Foot and mouth affects production at Nestle

HARARE - Nestle Zimbabwe is slowing growing stocks of its Infant Formulas (IF) after they had gone off the market for nearly one month owing to a foot and mouth outbreak in South Africa (SA). Nestle’s corporate communications and public affairs officer Yamurai Zhou told the Daily News that because of a ban on SA dairy products the production of the formula was affected.

This also comes at a time when Cerelac has also been in short supply on the local market owing to limited foreign currency to import raw materials for its manufacture. “We are fully aware of the supply constraints currently in the market and the discomfort it has caused our consumers and customers.

As an organisation we are working round the clock to minimise the impact on our consumers and customers. “Nestlé Zimbabwe does not manufacture IF locally. We source our formula from our sister company Nestlé South Africa, which produces the IF that we require in line with local regulations governed by the ministry of Health and Child Care.

“Our supply was affected for close to a month by a foot and mouth disease outbreak in South Africa. Authorities in South Africa and our own local authorities put in place temporary measures banning all export and importation of live animals and their products,” Zhou said.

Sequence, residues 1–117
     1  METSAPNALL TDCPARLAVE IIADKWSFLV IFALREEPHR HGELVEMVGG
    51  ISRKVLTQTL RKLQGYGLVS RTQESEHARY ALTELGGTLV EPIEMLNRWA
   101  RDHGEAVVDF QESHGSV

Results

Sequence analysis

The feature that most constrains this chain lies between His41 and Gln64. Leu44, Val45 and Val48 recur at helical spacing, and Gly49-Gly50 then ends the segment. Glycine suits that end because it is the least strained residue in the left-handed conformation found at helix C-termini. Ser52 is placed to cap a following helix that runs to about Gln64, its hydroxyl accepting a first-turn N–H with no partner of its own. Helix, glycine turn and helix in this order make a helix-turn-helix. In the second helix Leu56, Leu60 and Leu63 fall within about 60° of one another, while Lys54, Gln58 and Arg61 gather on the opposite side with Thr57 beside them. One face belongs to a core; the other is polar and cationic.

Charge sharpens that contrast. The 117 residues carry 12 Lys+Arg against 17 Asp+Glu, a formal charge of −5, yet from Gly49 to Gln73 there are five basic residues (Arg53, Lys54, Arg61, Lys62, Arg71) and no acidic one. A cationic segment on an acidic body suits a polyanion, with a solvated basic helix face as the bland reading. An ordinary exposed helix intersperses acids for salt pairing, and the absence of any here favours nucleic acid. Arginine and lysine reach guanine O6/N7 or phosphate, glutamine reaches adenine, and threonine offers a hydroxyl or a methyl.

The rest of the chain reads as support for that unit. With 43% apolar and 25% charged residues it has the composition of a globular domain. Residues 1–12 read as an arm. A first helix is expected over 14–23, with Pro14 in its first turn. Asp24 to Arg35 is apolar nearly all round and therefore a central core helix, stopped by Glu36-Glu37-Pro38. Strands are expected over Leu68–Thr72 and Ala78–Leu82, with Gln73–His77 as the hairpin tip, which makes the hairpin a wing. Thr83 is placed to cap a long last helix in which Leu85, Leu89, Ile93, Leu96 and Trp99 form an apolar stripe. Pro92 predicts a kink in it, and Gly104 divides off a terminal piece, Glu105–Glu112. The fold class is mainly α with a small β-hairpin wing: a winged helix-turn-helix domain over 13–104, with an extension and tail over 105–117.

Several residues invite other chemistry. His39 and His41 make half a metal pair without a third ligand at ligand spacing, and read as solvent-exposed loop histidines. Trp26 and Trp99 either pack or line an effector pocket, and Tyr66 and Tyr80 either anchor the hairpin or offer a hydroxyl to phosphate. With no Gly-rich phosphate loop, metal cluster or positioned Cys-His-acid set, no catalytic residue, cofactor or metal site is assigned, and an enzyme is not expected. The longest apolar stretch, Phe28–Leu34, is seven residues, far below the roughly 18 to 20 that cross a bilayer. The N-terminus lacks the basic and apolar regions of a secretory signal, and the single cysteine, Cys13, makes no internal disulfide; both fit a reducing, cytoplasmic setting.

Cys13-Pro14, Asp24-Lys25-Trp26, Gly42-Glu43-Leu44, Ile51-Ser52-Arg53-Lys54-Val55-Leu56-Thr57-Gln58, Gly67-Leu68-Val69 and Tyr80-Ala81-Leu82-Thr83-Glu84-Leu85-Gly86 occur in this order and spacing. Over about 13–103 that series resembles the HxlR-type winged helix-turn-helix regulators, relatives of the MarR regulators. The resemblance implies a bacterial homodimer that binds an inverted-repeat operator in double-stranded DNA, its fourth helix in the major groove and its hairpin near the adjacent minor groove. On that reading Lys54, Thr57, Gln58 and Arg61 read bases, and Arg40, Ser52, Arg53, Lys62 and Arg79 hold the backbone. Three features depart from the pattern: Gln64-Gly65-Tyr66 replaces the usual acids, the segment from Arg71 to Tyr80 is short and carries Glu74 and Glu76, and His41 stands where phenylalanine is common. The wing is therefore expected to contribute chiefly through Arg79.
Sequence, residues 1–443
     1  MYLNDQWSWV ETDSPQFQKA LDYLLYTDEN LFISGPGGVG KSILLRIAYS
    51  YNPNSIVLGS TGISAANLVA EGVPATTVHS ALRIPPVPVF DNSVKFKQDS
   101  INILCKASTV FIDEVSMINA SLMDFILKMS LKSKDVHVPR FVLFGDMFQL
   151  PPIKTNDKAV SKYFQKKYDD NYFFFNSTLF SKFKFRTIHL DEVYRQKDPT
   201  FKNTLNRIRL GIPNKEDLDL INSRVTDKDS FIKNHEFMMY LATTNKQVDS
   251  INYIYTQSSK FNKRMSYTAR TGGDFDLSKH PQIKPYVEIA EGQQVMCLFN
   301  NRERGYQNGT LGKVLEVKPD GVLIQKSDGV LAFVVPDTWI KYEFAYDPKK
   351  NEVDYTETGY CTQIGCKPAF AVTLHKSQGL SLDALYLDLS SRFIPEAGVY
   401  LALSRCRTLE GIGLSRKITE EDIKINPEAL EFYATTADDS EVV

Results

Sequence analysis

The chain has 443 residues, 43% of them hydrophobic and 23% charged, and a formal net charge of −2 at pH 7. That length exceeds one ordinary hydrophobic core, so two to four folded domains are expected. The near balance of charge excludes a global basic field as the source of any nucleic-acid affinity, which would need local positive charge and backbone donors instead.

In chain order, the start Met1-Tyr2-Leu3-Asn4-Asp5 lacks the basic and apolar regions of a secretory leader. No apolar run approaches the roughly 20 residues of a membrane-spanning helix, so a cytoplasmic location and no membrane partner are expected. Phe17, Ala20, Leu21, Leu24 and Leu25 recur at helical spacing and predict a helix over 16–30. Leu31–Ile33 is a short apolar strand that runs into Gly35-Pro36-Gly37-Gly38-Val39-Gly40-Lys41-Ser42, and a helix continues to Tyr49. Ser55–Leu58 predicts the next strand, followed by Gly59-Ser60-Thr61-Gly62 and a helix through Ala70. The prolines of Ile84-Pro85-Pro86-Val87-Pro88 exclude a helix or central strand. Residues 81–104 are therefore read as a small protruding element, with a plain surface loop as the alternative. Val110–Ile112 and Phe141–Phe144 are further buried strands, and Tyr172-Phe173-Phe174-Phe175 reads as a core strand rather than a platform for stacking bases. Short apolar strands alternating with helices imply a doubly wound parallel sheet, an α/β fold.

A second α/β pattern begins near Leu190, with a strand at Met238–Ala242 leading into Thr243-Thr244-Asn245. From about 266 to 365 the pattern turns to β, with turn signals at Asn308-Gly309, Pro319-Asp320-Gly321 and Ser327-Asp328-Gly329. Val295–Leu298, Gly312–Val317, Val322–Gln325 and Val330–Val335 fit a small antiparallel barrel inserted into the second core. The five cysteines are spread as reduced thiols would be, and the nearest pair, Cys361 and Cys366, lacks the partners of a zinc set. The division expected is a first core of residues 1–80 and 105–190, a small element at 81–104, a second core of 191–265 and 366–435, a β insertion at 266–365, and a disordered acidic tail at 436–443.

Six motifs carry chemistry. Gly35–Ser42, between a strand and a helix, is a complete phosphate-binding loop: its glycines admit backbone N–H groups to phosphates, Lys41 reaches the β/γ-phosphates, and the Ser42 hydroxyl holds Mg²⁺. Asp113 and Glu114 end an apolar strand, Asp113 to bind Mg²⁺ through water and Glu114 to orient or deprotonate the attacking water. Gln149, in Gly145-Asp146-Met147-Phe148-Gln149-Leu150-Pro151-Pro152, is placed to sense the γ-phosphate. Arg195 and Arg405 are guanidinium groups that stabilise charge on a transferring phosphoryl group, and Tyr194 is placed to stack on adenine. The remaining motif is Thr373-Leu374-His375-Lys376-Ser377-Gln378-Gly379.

Zhou added that although our products are 100 percent safe for consumption and were not impacted by this outbreak, IF being a milk-based product was inevitably part of the ban. Zhou emphasised the ban has since been lifted but the situation had created supply gaps to their market and they were gradually rebuilding their stocks.

A survey conducted by the newspaper showed that major retail shops had limited stocks of both IF and Cerelac while some did not have IF completely. Shops that still had small quantities of IF had products that were manufactured in July and August 2018 only.
Cerelac retails for around $11 in most shops while IF products such as Nan and Lactogen range between $10 and $15.

While health practitioners advise to breastfeed exclusively until a baby is six months, IF is beneficial for children with working mothers and has also been fortified with nutrients found in breast milk for maximum benefit.

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